The first part of a series in which our bold correspondent Old Parn attempts to buy wine in various more or less challenging venues…
Eat. A chain that defines itself with a single, blunt verb. And a full stop.
So what does an intrepid wino do at Eat? He attempts to Drink.
It so happened that I and two delightful companions were on the South Bank, about to see the fantastic Mr Stewart Lee
perform his latest standup show (Carpet Remnant World). We were going
to eat beforehand at Pizza Express. But the queue for Pizza Express snaked menacingly from its door like a hungry tapeworm from a distended orifice. So (with almighty reluctance) I agreed to become an Eater.
Not necessarily a Happy Eater; let's call me a Resigned Eater.
Now. My first observation is that the South Bank Eat at 7pm on a weekday seemed bizarrely understocked when it came to things that one could, um, Eat. The array of sandwiches on offer could only be described as impoverished.
But the impoverishment on display here was nothing, dear reader, in comparison with the grinding, pitiful destitution of the wine shelf. The stuff of Children In Need videos with impassioned celebrity voiceovers.
I'd set myself a mission — for you, dear eVines reader, for you — to sample that wine. But, like a champion racehorse faced by an impossibly daunting fence, I felt a kind of instinctual terror. I may even have shied and whinnied a little in dismay, my eyes rolling madly in their sockets.
But I'm nothing if not a purebred. So, nostrils flared, ears flat to my head, I conquered my bestial fear, grasped a bottle of Stowells Colombard Chardonnay, and joined the queue — enticed by the wall display promising hot pies. For a hot Eat pie and Stowells Colombard Chardonnay are verily a food/wine match made — if not in heaven — at least in some upmarket suburb of purgatory.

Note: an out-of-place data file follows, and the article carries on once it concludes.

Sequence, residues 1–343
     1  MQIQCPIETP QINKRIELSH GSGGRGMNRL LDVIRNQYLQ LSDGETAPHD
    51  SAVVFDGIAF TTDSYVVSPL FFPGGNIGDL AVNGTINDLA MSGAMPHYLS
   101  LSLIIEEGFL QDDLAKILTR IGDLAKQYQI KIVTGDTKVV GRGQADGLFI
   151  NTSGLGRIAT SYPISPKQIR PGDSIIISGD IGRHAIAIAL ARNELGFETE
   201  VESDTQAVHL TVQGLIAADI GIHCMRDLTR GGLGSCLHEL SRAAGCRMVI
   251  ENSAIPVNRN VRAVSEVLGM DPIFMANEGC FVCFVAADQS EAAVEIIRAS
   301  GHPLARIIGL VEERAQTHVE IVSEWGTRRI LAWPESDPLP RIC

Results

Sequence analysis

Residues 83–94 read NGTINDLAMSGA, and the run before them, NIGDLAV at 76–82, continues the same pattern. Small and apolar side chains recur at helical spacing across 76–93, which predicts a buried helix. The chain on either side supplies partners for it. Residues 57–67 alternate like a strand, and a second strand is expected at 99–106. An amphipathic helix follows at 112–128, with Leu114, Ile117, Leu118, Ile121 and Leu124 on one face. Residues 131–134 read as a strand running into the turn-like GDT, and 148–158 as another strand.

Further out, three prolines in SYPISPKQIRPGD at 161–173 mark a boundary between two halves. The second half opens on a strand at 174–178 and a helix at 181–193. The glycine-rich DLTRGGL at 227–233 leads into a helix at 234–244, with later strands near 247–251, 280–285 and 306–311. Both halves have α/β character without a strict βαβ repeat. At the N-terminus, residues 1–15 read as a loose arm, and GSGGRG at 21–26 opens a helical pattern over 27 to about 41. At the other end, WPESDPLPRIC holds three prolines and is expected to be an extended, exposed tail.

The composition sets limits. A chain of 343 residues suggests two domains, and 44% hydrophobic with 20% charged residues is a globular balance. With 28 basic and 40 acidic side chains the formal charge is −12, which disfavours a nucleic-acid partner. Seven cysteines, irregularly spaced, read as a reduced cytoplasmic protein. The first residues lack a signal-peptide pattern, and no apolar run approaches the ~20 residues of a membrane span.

'We'll have two pies and this delightful bottle of white wine, please.'
It's amazing to behold the effect that a request for two pies has upon the staff of Eat, South Bank. The resulting scene put me in mind (doubtless entirely unfairly) of the phone-room of a small rural police station suddenly being informed of an incoming invasion force. Despite the fact that the (two) remaining pies in the pie-keep-warmer were mere metres from our doughty sales assistant, a human chain of no fewer than two further employees rapidly formed to span the intervening space.
'PIE!' cried one man to the next, with all the urgency of someone whose long hours of training, whose innumerable drills, have prepared him for this very moment.
It was a little like that bit in the third Lord of the Rings film when they light the beacons. And it imparted, you may well imagine, a similarly uplifting sense that we were at a turning point.
'There's only enough potato left for one pie.'
Nevertheless, the resulting haul consisted of two pies (one dejectedly potatoless) and that cheeky little bottle of Stowells. Huzzah.
'Oh god — you don't want to drink that stuff. It's absolutely horrible.' Such was the verdict of one of my fellow Eaters when she saw it. 'How much did it cost?'
'What was that?'
'Um … £4.90.'
At this point, you may well imagine, I was already regretting my mission. What had in a certain light seemed noble now seemed conspicuously, idiotically masochistic.
AND THAT WAS BEFORE I'D EVEN TASTED THE VILE STUFF.
Because, let me tell you, dear, persevering reader: Stowell's Colombard Chardonnay is despicable. It is bland and confected. It is slack. It spreads across your mouth like the decaying carcass of a malformed beast. As if the nauseating slobbery of its initial passage through your gob weren't offensive enough, it leaves in its wake a cloyingly banal aftertaste — like a drunkard deliberately farting before being forcibly ejected from a small, crowded room.
On the bright side? The pie was actually quite nice. And Stewart Lee was sodding fantastic, of course. So the conclusion, I suppose, is that the people who decided to call it Eat rather than Eat and Drink did so for a damn good reason.
Now. If you've any suggestions for future venues in which you'd like to see Old Parn attempting to buy and drink wine, do put 'em in the comments below.
(But, please — be gentle.)
Title photograph is Creative Commons licensed by learydotmark